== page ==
Inclusive entrepreneurship education awards for Goldsmiths lead

Primary page content

Goldsmiths, University of London’s academic lead for enterprise has been recognised at the National Enterprise Educator Awards for her work supporting entrepreneurs in creating sustainable, diverse and culturally relevant business models.

Sian Prime, winner of two NEEAs

Siân Prime, Deputy Director of the Institute for Creative and Cultural Entrepreneurship at Goldsmiths and Academic Lead: Enterprise, received both the NEEA People’s Choice Award and the Inclusive Enterprise Education Award at a ceremony on Thursday 9 September. 

Run by Enterprise Educators UK since 2009, the NEEAs recognise excellence within enterprise and entrepreneurship education in UK higher and further education and aim to reward and celebrate those who have demonstrated an exceptional and inspirational commitment to supporting student and graduate entrepreneurship. 

Recognition is given to individuals or teams in four categories (enterprise catalyst, entrepreneurship catalyst, rising star and pioneer) with two additional prizes – those won by Siân – conferred to a shortlisted person or team nominated in the other categories. NEEA winners receive a cash prize, and a glass trophy and certificate. 

The Inclusive Education Award recognises excellence in, and commitment to, driving change in equality, diversity and inclusivity in the areas of enterprise and entrepreneurship education and practice.

Siân was nominated by Gerald Lidstone, founder of the Institute for Creative and Cultural Entrepreneurship, whose submission detailed Sian’s career, bringing her experience at Nesta to her role at Goldsmiths, founding an MA, creating the Goldsmiths SYNAPSE programme which helps develop entrepreneurial thinking for Goldsmiths students, and working with colleagues to create a student and alumni business support service, among other achievements.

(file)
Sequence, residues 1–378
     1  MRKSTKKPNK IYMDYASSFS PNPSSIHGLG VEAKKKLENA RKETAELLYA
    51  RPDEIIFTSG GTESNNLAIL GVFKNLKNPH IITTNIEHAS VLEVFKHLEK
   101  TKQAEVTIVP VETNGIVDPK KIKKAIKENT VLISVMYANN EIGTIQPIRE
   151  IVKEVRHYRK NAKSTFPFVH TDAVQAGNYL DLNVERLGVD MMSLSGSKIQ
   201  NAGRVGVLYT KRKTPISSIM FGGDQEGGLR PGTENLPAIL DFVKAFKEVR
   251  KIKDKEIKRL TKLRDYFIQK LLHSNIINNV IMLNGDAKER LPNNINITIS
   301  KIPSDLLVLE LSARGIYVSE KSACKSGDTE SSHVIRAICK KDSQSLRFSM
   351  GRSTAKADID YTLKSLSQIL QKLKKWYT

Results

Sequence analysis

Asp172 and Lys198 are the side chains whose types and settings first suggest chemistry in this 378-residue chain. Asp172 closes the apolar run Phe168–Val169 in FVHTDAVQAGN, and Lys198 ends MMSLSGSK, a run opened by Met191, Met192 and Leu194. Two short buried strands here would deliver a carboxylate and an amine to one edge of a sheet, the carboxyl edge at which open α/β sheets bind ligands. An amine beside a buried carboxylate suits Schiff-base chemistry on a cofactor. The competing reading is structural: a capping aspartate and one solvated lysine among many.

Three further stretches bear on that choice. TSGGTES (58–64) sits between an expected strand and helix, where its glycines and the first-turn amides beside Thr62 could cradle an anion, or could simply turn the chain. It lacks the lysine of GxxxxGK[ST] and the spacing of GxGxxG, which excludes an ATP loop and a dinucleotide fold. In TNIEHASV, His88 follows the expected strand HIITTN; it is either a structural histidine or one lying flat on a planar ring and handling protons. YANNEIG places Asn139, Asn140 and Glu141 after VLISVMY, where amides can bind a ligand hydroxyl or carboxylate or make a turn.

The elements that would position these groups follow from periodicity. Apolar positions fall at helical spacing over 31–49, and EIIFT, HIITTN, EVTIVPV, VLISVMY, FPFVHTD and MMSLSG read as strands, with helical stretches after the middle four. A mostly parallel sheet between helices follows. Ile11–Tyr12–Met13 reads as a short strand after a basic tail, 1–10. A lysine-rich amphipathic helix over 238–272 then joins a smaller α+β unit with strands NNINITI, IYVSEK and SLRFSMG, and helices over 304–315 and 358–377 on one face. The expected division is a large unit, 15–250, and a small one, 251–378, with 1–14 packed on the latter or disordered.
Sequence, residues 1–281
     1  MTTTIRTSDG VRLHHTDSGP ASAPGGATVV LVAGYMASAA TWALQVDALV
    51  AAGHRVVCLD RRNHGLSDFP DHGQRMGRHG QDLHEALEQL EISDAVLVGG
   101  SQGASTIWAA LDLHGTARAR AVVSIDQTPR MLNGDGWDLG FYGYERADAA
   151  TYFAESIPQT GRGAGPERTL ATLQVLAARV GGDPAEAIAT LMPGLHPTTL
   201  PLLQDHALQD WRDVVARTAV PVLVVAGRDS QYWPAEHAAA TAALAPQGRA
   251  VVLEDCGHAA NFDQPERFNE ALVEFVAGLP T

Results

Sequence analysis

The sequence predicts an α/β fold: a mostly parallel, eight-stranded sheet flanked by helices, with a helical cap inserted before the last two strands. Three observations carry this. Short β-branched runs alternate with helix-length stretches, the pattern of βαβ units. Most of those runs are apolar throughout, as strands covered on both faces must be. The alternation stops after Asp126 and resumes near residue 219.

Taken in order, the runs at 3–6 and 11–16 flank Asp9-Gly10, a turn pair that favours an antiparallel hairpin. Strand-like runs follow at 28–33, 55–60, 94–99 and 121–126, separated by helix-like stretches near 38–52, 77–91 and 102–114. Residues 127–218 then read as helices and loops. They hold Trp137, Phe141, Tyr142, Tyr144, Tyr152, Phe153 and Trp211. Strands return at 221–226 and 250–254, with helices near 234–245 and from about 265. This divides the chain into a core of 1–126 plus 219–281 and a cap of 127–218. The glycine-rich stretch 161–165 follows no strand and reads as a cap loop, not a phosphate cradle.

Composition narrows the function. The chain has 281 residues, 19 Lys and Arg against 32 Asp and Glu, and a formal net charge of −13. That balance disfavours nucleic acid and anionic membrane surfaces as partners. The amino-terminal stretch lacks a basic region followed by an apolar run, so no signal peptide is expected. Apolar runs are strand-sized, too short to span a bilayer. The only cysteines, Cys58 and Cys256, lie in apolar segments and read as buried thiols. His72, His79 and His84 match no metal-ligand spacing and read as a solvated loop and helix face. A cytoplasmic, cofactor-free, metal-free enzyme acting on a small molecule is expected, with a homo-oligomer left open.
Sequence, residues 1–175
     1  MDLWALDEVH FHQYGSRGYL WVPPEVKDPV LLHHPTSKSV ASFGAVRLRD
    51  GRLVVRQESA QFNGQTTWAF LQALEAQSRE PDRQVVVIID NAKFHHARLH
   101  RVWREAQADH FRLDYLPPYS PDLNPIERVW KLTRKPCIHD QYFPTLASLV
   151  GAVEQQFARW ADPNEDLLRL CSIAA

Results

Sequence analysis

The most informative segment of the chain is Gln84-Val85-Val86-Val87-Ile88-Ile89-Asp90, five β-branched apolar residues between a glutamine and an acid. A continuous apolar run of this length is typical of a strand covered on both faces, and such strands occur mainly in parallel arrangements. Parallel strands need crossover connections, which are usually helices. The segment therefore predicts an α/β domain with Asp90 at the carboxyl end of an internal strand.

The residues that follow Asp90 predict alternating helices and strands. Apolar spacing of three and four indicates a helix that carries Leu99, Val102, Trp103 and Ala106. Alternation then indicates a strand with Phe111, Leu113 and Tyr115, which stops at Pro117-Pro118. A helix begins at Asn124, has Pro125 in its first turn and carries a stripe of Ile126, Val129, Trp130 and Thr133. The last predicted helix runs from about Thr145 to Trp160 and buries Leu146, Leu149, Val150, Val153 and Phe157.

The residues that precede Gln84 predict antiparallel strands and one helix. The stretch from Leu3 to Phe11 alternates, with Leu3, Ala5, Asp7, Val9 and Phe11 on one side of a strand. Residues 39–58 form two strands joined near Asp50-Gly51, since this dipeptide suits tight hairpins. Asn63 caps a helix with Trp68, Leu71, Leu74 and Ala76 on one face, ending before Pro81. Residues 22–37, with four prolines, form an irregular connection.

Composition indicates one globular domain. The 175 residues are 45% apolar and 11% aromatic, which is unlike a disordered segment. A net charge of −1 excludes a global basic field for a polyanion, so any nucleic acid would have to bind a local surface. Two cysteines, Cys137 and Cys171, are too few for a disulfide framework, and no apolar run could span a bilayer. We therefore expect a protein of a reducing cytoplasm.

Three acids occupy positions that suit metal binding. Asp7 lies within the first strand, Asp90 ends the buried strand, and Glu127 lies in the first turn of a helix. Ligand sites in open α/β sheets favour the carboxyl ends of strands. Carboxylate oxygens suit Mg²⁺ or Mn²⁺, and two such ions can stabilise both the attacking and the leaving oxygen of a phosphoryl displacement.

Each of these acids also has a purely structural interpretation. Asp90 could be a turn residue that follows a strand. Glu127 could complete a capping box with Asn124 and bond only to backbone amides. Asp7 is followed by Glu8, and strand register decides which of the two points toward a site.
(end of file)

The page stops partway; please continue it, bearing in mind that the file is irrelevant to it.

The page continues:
Siân’s ethos, which she explains in a short video filmed as part of the nomination process, is to work with entrepreneurs to give them an understanding of how their activities impact on their communities as well as themselves, while always thinking outside traditional business modelling. 

She said: “I’m really aware that unless we look elsewhere, we are just using downloadable templates – I’ve written a lot of them myself! But I recognise they come from a safe space, my space, as a white middle-class academic.  

“I’ve been working much more inclusively, developing new forms of business modelling techniques to ensure we understand culture as business and we look more broadly at what an appropriate business is and what an appropriate business model is. From those different spaces – looking at black cultural business models, queer-culture and queering business models, feminist approaches to business modelling - from that I think we can develop sustainable forms of enterprise and new forms of enterprise education.”  

Speaking after the online ceremony, Sian said: “It meant so much to me to be nominated for the award as an Inclusive Enterprise Educator, and then to win the People's Choice as well is incredible. I have no doubt that learning from, sharing and amplifying voices and types of enterprise that have been excluded is essential to our future, as well as good pedagogy. 

“I'm thrilled, and can only think that this is evidence that I have, perhaps, succeeded at being inclusive, not only for the award, but seeing the number of people who voted for me. Goldsmiths is definitely the place for this work, and I've been supported to take this approach to enterprise education since I joined."  

Read more about the 2021 NEEA winners.